Once you have set the color MODE correctly, you should verify that your scanner or whoever provided the image to you has sized it correctly. To do so, select IMAGE SIZE under Photoshop's IMAGE menu, which will show you the current size of the image. You should see the current size and resolution listed. If the size is too low, it means your image is not really suitable to use for offset printing. There are several ways to correct this. The first and best way is to rescan the image, either by setting the resolution or sizing higher, or finding a scanner that can. Most scanners will allow you to set a custom resolution and size, so if yours cannot, the quality may be insufficient for these purposes.

In other situations it may not be possible to rescan the image. Don't worry about it too much, there are ways to make the image look pretty good anyway. The easiest way is for you to send it to us and have us do it, although there are limitations to how good a picture can be made to look if the dpi starts out too low.

If your source for this picture is the internet (since images posted as jpgs or gifs on the net ar usually at 72 dpi, which is 4 to 5 times lower resolution than what is recommended for printing), then you might be in trouble. Although we can work wonders here, there is a limit to what can be done with most images that come to us at 72 dpi.

If you are an experienced Photoshop user, you are welcome to try to fix the image by resizing it to an appropriate image resolution by changing the setting in IMAGE SIZE. If the image resolution is too high, check the box that says RESAMPLE IMAGE SIZE and just decrease the resolution to 300. Your results will usually be quite good. Or if the picture size is too big but the image resolution is not high enough, uncheck the RESAMPLE IMAGE SIZE box and type 350 in the box that says Resolution. The sizing will change automatically to show you at what size the image can be displayed using 300 dpi, and this will not affect the quality of the image.

If, on the other hand, the image resolution is too low, check the RESAMPLE IMAGE SIZE box and try increasing it to 300. Photoshop will guess what the pixels that it adds should be, and often the results will be quite good. When using this method, you can experiment using other Photoshop features such as UNSHARP MASK and GAUSSIAN BLUR, and then finishing by changing CONTRAST/BRIGHTNESS or re-SHARPENING your image. Good luck with your results.


When your image seems ready to use, or after significant work that you want to test the results of, you should examine the picture using the view option which says ACTUAL PIXELS. What this will show you is a magnification of the image to the point that the monitor can show you the level of detail that the image actually has. If you've done the previous steps properly, when you click onto ACTUAL PIXELS, the image should be displaying at 400% of actual size or higher. When you are viewing the image at this magnification, you will probably notice some inconsistencies in its appearance unless your scan is of extremely high quality, but the image should still look relatively good. If it does not, then whatever you did before may not have worked...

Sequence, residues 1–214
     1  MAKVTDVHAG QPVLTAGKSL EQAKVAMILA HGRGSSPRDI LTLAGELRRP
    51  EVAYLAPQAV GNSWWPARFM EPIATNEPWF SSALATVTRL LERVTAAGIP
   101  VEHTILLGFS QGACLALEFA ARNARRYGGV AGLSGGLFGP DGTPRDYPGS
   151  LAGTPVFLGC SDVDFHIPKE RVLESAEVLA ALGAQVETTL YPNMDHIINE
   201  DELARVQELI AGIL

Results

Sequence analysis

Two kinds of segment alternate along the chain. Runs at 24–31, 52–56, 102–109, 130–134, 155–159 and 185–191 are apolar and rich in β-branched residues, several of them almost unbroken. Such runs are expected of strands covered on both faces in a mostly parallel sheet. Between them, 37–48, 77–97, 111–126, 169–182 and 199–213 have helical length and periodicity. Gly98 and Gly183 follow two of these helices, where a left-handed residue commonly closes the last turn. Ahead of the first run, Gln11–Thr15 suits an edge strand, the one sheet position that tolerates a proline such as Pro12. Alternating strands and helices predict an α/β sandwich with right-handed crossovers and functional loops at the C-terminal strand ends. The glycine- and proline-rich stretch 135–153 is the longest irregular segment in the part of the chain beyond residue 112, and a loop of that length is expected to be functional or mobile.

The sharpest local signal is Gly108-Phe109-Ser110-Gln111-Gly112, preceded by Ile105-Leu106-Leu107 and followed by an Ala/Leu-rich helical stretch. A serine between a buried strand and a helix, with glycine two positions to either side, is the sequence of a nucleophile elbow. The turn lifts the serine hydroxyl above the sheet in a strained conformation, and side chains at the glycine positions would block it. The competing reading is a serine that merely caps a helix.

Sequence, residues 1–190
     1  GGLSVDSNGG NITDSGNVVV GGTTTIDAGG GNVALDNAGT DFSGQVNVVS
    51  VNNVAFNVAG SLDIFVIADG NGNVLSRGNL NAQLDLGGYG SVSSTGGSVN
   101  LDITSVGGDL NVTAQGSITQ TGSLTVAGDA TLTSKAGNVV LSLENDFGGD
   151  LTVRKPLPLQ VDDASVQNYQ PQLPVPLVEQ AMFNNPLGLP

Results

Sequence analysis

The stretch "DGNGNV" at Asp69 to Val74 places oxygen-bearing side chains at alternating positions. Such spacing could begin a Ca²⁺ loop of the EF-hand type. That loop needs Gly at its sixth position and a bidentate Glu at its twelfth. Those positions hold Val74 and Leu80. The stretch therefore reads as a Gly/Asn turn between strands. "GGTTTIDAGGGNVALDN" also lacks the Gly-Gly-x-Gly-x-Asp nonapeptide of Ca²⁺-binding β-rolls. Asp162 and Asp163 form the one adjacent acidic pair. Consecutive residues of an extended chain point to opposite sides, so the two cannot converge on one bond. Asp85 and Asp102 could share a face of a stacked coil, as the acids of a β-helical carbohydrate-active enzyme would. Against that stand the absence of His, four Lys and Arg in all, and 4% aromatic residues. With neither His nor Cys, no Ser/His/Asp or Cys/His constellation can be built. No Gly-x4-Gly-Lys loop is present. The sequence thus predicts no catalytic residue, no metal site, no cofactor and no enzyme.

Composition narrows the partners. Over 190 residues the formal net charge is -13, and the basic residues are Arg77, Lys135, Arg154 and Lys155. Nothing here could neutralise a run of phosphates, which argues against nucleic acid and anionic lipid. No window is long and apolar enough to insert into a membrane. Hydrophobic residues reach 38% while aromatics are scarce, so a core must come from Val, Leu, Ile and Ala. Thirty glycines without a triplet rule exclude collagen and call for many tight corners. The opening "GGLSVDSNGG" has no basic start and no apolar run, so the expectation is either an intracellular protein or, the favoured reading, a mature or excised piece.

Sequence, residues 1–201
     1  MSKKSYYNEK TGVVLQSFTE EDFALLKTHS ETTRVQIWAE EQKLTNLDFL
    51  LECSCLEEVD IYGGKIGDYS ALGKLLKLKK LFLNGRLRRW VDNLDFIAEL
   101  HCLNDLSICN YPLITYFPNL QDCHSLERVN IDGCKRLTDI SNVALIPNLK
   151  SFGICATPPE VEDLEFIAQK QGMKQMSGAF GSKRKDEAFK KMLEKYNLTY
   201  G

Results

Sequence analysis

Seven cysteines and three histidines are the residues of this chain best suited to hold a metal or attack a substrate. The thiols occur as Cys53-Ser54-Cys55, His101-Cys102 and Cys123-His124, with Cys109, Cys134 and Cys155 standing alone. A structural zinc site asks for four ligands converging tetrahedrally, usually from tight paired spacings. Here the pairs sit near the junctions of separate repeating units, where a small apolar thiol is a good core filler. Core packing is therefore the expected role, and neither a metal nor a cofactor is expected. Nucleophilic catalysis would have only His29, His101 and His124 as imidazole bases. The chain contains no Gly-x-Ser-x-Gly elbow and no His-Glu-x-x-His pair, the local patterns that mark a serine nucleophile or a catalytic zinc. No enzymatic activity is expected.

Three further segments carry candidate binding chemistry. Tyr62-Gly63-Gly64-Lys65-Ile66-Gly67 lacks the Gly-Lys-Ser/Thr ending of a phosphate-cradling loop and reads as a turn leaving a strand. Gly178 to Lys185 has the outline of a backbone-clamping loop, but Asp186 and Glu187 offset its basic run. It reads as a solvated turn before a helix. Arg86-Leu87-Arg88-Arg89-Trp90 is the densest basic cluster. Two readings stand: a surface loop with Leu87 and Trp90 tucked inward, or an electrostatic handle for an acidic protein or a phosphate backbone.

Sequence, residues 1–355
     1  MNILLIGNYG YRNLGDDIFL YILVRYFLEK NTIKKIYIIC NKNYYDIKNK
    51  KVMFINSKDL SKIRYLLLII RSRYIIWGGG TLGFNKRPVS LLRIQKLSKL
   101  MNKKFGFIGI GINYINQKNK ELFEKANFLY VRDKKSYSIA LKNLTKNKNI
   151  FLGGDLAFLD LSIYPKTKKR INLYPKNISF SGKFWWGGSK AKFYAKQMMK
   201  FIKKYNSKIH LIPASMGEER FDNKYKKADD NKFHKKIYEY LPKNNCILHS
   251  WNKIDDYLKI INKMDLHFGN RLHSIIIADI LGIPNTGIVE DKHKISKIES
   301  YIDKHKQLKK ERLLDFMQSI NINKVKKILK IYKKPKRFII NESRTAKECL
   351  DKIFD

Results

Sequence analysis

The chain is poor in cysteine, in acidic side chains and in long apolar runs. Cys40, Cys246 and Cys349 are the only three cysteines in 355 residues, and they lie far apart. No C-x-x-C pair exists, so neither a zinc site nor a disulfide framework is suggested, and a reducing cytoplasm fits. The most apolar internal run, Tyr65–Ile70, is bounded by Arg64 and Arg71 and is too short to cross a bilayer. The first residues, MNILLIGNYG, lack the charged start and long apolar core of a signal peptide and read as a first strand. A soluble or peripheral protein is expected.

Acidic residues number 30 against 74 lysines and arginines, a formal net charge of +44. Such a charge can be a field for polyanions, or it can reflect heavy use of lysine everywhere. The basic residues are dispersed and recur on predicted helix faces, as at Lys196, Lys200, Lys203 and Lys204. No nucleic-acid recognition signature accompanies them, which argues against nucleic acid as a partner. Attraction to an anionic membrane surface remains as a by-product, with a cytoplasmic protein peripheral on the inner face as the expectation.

If you notice crisscross patterns or checkerboarding or circular dot patterns of discoloration in the image at this view, it probably indicates the presence of something called moiré, which can occur when scanning an image that was previously printed using the offset process (i.e. a picture from a book or magazine or newspaper). While these problems will not be likely to show up in printouts made at home using an ink jet printer (or even most laser printers), they are causes for concern, because they will almost certainly show up when we offset print your image. If you do notice moiré patterns in your images, you can either have us correct them as much as is possible here, or you can attempt to use some of the techniques above (UNSHARP MASK or GAUSSIAN BLUR, etc.). Moiré problems do not usually occur using scans of actual photographs, but beware of them if you are taking images that have been printed before using other methods like offset or silkscreen.

When you have verified that your Photoshop images are OK, save them as TIFs. Do not check the LZW compression box, as it may cause postscript output problems.